Law Office of John S. Weaver Rockville, Maryland Family Law Attorney Serving MontgomeryCounty, FrederickCounty, Howard County, and Carroll County
Modification of Child Custody (or Visitation)
Courts may modify agreements between parents concerning custody and visitation in a child's best interests. After a court enters an order of custody or visitation (including an order approving and incorporating the parents' agreement into its order), the order may be modified only upon a showing of changed circumstances affecting the child's welfare. Parental relocation is one type of circumstance that may cause the court to evaluate anew the child's best interests. The discussion below addresses "material changed circumstances" and also addresses some practical aspects of modification of custody from the perspective of the relocating parent, parent left behind, the child, and the court.
Pursuant to FL § 8-103(a), a trial court has discretion to modify any provision of an agreement between parents concerning the "care, custody, education, or support of any minor child" of theirs if the modification would be in the children's best interests. See also Kovacs v. Kovacs, 98 Md. App. 289, 633 A.2d 425 (1993). The court is not bound by the parents' agreement if it would not be in the children's best interests, but the court would consider the parents' agreement as one of the many custody factors it considers in making its custody determination. The court does not have to accept the visitation schedule that has been agreed to by the parents. "Visitation is a matter affecting the best interest of the children and a matter over which the chancellor must exercise his or her own discretion." Odunukwe v. Odunukwe, 98 Md. App. 273, 633 A.2d 418 (1993).
Once a court enters an order concerning custody the court may modify a custody order upon a showing of a material change in circumstances affecting the child's welfare since the last court order. As will be discussed below, a parent's relocation may, in a given case, be sufficient to justify a change in custody. The result depends upon the circumstances of each case.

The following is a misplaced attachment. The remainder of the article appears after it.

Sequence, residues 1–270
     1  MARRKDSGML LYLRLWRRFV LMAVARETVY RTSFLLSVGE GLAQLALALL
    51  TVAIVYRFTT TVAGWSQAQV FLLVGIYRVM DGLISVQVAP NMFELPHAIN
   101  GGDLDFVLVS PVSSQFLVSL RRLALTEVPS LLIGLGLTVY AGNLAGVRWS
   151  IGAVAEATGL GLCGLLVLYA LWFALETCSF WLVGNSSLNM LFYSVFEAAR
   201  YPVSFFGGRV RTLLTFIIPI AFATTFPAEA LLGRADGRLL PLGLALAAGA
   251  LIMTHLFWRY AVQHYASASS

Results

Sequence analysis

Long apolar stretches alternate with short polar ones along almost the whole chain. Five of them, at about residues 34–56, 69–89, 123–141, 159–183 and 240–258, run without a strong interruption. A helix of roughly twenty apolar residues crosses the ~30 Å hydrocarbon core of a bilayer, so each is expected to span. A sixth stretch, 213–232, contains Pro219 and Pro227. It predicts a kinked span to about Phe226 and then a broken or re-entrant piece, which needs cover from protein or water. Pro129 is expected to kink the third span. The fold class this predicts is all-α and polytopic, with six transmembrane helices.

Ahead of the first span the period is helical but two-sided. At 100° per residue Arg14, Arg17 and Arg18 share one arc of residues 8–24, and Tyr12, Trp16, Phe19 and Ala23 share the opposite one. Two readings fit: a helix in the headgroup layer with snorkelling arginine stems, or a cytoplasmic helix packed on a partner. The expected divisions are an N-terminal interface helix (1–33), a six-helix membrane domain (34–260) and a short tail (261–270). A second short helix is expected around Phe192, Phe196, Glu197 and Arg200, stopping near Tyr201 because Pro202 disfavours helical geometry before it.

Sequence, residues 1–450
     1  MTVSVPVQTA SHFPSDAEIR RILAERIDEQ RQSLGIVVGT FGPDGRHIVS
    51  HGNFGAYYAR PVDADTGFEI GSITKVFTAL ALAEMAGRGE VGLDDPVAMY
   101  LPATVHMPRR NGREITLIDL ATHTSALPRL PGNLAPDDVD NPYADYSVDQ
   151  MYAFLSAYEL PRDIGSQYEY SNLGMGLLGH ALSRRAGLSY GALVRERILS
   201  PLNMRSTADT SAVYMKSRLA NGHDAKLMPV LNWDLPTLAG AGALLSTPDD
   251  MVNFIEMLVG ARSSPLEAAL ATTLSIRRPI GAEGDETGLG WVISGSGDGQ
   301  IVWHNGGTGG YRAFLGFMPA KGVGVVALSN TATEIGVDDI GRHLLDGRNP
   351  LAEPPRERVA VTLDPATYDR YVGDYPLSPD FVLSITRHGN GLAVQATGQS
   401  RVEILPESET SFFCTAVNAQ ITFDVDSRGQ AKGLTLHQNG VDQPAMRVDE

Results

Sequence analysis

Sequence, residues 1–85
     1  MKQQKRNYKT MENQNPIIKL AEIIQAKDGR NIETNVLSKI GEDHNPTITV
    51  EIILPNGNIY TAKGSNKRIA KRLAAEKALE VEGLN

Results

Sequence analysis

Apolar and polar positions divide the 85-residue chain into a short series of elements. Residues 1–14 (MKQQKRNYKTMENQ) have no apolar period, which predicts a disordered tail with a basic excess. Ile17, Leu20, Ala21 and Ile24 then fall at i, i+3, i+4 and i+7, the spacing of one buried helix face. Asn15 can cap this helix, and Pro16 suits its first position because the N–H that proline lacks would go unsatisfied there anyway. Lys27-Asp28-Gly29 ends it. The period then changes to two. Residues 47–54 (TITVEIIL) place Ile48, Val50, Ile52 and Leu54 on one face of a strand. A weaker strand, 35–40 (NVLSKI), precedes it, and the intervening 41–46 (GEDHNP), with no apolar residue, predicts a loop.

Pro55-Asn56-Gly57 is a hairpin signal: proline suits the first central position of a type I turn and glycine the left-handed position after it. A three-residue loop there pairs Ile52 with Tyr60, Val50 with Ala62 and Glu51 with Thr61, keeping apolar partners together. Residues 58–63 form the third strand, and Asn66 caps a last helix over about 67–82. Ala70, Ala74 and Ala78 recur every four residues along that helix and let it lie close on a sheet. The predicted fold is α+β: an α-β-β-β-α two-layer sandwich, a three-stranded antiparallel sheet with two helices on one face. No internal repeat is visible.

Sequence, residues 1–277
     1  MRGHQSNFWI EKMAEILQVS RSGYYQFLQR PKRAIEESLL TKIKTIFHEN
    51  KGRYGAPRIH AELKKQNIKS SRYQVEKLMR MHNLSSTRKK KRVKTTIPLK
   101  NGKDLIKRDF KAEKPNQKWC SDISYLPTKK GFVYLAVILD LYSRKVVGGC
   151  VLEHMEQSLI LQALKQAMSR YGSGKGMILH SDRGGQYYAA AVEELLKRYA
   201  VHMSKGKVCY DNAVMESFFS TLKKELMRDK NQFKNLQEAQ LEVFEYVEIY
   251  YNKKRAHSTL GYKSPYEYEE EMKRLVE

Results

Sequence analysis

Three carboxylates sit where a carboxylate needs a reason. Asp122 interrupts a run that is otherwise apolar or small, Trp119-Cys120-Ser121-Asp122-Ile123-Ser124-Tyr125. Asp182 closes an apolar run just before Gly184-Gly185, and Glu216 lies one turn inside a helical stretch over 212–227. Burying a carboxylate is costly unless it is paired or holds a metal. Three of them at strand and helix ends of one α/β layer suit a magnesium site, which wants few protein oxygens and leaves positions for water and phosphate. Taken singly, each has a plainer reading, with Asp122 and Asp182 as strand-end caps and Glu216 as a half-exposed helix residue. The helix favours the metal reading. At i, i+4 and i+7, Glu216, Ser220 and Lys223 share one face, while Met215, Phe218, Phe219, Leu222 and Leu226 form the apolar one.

Changed Circumstances Affecting the Children's Welfare
The party seeking a modification of a child custody order has the burden of demonstrating why the court should modify custody.McAndrew v. McAndrew, 39 Md. App. 1, 382 A.2d 1081 (1978). The principle that an existing custody order ordinarily should not be modified in the absence of a showing of changes affecting the welfare of the children has two bases: Preventing relitigation of the same issues and the preservation of stability in custody cases.The question of changed circumstances may infrequently be a threshold question, but is more often involved in the "best interest" determination, where the question of stability is but a factor, albeit an important factor, to be considered.
Where a party is offering nothing new and is attempting to relitigate the earlier custody determination, the absence of a showing of a change in circumstances will be dispositive. There should be sufficient evidence of changes relating to the welfare of the children to justify a full consideration of whether modification of custody is required, and the parties should not simply be attempting to relitigate issues earlier resolved.